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Forging a future in mechanical engineering

Both his parents studied there, and now ACG School Jakarta alumnus and former Head Boy Adam Putrayando is following in their footsteps.

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A student at Bandung Institute of Technology’s Faculty of Mechanical and Aerospace Engineering, Adam is in his first year of the Mechanical Engineering International Programme – and he is in his element.

“I grew up hearing all the fun stories of university life at the campus and wanted to experience something similar. I love Bandung as a city – the atmosphere, the culture and the people – and ITB is renowned for being very academically-focused which helps push me further,” says Adam.

While much of his university experience has been online so far, there has been plenty to get excited about.

“There have been lots of highlights already including meeting new people, learning to code with MATLAB and experiencing Bandung’s serene atmosphere. I’ve joined a number of organisations that will help me build connections and make new friends, including the student English debate forum, a study group on economic and capital markets, and the volleyball club. It’s also a goal of mine to earn a vital role in the Institution of Mechanical Engineers (IMechE ITB) by my second year.”

After completing his bachelor’s degree and gaining some relevant work experience, Adam plans to head to Germany to gain his master’s degree from a TU9 university – an alliance of the country’s nine leading technical universities. He’ll be well-equipped for the challenge having already spent three years learning German. Besides, adapting to foreign cultures is nothing new for Adam.

“I spent five years at ACG School Jakarta, which is the longest time I’ve ever spent in one school. Prior to that, I’d only stay for a year at each school because we would move countries for my father’s job.”

During his time at ACG Jakarta, Adam created memories that will last a lifetime.

“The annual sports day (especially winning a couple of them with Biawak House), competing in the ACG varsity team at a volleyball tournament in Vietnam, and organising the annual ACG ‘locked-in’ event are just some of the stories that I’ll tell my grandchildren one day.”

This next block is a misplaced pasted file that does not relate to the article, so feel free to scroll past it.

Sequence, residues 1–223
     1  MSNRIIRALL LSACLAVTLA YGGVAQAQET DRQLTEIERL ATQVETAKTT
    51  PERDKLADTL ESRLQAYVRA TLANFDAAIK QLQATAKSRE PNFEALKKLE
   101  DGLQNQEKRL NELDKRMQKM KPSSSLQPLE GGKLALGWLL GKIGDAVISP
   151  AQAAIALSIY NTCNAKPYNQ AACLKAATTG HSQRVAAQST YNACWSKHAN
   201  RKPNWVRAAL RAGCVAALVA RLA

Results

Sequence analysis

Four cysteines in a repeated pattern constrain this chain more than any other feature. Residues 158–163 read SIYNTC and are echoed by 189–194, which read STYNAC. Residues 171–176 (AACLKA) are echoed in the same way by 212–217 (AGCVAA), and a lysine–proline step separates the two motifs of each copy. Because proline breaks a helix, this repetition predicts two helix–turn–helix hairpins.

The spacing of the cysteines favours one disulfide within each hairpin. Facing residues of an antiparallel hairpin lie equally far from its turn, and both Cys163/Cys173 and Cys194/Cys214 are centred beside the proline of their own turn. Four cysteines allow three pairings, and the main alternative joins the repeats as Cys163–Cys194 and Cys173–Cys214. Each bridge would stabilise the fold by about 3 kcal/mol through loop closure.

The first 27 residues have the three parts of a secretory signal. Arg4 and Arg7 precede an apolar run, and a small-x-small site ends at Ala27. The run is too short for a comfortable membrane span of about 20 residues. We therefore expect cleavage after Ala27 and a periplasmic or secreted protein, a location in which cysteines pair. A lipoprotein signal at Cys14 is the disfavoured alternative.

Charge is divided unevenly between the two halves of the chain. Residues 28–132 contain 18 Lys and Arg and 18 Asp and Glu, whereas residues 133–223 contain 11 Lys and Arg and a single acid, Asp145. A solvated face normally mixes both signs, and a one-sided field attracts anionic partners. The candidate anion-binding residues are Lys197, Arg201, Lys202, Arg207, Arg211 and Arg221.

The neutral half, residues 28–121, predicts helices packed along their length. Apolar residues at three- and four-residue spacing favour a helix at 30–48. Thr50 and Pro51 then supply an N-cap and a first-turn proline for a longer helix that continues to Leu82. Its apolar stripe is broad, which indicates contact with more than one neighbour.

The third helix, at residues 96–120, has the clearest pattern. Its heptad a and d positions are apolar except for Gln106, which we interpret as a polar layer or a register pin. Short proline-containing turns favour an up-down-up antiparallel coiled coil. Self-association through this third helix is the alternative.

He also took advantage of the many leadership opportunities on offer, from Biawak House Captain to Prefect and finally to Head Boy.

“I got to experience first-hand my strengths and weaknesses as a leader. I worked under the tutelage of some amazing people and in return, had the chance to lead an amazing and supportive team. I enjoyed many accomplishments and equally as many failures, but those failures enabled me to reflect, re-examine myself and mature.”

The two-year International Baccalaureate Diploma Programme (IBDP) kept him on track academically and was, says Adam, great preparation for university and life in general.

“During IBDP Year 2, I realised that I had a lot to catch up on if I were to keep up with my goals. From this rise in motivation, I developed strong time management and organisational skills and discovered the value of several online resources.

“I think the IBDP is a great programme – I particularly loved the Creativity, Activity, Service (CAS) project! I felt overwhelming satisfaction sending in my internal assessments, extended essay, and CAS reflections, and receiving the grades I’d worked so hard towards. It was well worth it.”